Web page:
An alternative title for this post could be: WRITE NOTES IN YOUR COOKBOOKS, MORON.
In my defense I hadn’t made lavender shortbread in years, and from the actual cookbook the recipe came from in many years longer than that. I hand-copied out a quadrupled version for commercial production nearly ten years ago, and haven’t looked at the original since.
The book is Susan Herrmann Loomis’ Farmhouse Cookbook, and my copy is so well-used that some pages are permanently stuck together. I can’t tell you how many recipes in here have become my standards, but I can say that the recipe for ‘Barbara Fischer’s Whoopie Pies’¹ alone makes it a worthwhile purchase.
Anyway, shortbread. The recipe is ‘Herbfarm Rosemary Shortbread’ and the recipe is very nearly not shortbread at all. The inclusion of rice flour makes the texture not that familiar sandy, firm bite of a Walker’s Shortbread, but a very fragile, tender and light alternative. (The color also stays a pallid, Victorian-bosom white.) And though I’ve made the recipe probably hundreds of times, I still read through the original recipe with fresh eyes.
At the bakery we’d always weighed out the cookies ball by individual ball, smashing them with a mallet (true!) and generous coatings of granulated sugar before they went into the oven. It was the fastest way to make them. Now – alone in my house and the master of my own cookies – I wanted fingers of shortbread, but since the dough felt too soft and that struck me as vaguely familiar, I refrigerated the dough and came back to cut it an hour later.
The dough itself is barely sweetened, and the cookies themselves rely on a coating of extra sugar. If you really want a nearly-unsweetened cookie, this part can be skipped.
At this point, I’m not going to lie. I’m proud of myself. These are fine cookies, and there was a reason Grandma River loved them.
When baking, their perfume is pure sex. The fatty odor of the butter is tempered by the peculiar dusty sweetness of the lavender, producing this big, round globe of scent. Perfume aficionados talk about “gourmand” perfumes – those with food-like odors. But there’s no opposite version for cooking, and there should be. The lavender shortbread is a food odor that ambles slowly from digestible to wearable, until the only explanation is that a gorgeous French woman wearing only a satin chemise has been baking cookies in your house, her arcane perfume mingling with those of the oven.
And then, I checked on them. And burst out laughing.
I remember why the softness seemed vaguely familiar. The shortbread are too soft. I had increased the flour to keep them from pooling and those notes are back in Washington state. Result: unsightly lavender blobs.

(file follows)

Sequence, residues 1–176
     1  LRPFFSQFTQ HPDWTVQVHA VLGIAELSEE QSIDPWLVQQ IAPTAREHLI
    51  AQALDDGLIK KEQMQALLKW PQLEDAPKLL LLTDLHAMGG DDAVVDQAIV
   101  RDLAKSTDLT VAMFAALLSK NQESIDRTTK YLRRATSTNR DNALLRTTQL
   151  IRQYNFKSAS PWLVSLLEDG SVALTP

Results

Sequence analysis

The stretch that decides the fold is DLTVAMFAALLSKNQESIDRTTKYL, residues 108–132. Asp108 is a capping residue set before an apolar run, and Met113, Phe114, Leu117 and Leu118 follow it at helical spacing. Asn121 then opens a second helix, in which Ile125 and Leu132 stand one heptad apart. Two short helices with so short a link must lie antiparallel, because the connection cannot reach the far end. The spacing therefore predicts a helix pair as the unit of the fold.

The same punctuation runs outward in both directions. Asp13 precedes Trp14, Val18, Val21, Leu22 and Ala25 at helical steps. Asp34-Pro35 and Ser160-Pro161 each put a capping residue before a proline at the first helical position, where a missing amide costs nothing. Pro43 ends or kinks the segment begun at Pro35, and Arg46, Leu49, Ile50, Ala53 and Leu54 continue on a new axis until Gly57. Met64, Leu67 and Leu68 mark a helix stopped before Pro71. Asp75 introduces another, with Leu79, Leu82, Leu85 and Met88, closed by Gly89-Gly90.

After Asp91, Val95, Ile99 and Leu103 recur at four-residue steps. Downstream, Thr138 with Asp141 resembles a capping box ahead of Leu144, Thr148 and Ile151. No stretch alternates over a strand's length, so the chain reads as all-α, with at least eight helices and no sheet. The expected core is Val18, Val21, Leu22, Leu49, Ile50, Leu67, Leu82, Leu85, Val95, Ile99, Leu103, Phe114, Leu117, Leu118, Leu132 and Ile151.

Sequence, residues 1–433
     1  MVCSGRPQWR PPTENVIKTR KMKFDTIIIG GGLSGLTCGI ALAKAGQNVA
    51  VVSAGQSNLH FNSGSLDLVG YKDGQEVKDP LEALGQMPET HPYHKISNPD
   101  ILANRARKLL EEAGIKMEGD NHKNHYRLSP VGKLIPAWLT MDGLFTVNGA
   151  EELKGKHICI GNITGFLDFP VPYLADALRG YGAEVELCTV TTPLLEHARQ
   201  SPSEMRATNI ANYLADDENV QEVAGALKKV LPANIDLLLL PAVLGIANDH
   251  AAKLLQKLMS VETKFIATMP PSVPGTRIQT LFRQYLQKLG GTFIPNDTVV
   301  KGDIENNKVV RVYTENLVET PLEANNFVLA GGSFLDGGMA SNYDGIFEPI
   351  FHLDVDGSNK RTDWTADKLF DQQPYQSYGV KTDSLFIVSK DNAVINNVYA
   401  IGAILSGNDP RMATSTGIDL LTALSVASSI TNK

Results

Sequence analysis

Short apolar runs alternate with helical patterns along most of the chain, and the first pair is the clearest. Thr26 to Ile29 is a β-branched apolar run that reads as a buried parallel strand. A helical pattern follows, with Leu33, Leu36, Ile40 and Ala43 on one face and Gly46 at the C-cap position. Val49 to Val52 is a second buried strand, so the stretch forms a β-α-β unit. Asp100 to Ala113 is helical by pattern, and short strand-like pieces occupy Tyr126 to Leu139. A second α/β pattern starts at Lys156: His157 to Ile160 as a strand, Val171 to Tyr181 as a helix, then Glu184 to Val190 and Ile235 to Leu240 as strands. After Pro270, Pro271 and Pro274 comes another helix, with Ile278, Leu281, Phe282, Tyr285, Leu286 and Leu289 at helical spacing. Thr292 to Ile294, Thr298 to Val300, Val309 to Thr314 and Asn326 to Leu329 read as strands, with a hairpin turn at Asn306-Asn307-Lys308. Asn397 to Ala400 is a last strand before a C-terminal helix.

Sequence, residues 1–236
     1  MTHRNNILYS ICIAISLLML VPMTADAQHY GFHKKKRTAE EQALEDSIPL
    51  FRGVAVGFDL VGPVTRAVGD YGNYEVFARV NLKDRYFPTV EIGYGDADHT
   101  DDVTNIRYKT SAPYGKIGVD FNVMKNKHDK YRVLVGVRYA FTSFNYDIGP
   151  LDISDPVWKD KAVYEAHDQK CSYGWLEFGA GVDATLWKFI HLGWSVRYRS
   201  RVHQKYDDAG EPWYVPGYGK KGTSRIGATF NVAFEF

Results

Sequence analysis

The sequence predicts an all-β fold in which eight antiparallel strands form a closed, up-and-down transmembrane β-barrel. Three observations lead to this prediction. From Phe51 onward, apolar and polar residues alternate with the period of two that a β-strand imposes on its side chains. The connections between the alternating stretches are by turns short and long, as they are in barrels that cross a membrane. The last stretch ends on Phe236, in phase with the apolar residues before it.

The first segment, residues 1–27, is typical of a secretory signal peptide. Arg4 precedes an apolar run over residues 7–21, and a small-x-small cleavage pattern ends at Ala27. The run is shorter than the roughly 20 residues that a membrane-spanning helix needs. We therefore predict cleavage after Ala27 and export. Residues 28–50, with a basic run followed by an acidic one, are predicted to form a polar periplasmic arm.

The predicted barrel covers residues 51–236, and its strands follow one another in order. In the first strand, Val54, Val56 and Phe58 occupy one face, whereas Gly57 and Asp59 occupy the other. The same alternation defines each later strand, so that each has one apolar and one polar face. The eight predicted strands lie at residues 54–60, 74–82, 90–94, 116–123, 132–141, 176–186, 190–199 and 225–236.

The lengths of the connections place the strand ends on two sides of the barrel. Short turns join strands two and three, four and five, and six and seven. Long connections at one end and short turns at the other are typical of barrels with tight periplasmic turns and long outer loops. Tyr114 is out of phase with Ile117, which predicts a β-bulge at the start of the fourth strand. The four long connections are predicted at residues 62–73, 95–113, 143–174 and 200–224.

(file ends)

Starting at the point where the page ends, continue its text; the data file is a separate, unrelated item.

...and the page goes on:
That taste astonishing, anyway. I just wouldn’t send them to Grandma, were she here.
Lavender Shortbread, Adjusted
as you might imagine from the original title, these shortbread are also good with fresh rosemary – to be totally honest, I have a hard time deciding which of the two herbs i prefer most. the recipe also suggests mint or thyme, and again – just lovely. any resinous herb will work. and do not be tempted to increase the quantity of lavender – lavender flowers can be bitter in concentration. look for organic lavender or lavender intended for human consumption – don’t just empty out a panty sachet or something.
1 ½ sticks (6oz) of butter, softened, but firmer than room temperature
1/3 cup sugar
1 Tbsp dried lavender
1 ½ cups all-purpose flour
1/4 cup rice flour (white or brown)
1/4 tsp. salt
additional sugar for the tops of the cookies
- Cream the butter on medium speed until very pale and smooth. Add the sugar slowly at low speed, then increase to medium again until very fluffy and light, about 2 or 3 minutes.
- Add the rest of the ingredients and mix on low until just bound together. It will take a few minutes. If your kitchen is at all warm, place the dough in the fridge for 10 to 30 minutes before continuing.
- Form the dough into small, thick patties about 1 ½ inches across and ½ inch thick. Dip the tops into granulated sugar, then place on a cookie sheet with at least 1 inch of room between each cookie (12 to a sheet is good).
- Bake for 12 to 15 minutes, or until the edges have just begun to turn golden brown. The rest of the cookie will be almost white.
- The cookies are very fragile, so allow them to cool for a few minutes before transferring to a cooling rack. As is so often the case, I prefer them either straight from the oven or after they’ve had a chance to sit in an airtight container or plastic bag for 24 hours.
I will be making these again soon, and will share photos of what they are supposed to look like.
¹Which I discovered way before the whoopie pie craze swept the nation, and I say this not with smugness, but with a certain level of resignation — explaining to customers what whoopie pies were was a lesson in smiling even when you’ve heard a joke one thousand million times. The recipe also calls for not a marshmallow creme center, but a peculiar buttercream made with lemon juice and raw egg whites, the texture of which becomes both fluffy and creamy in a way that to this day boggles my mind.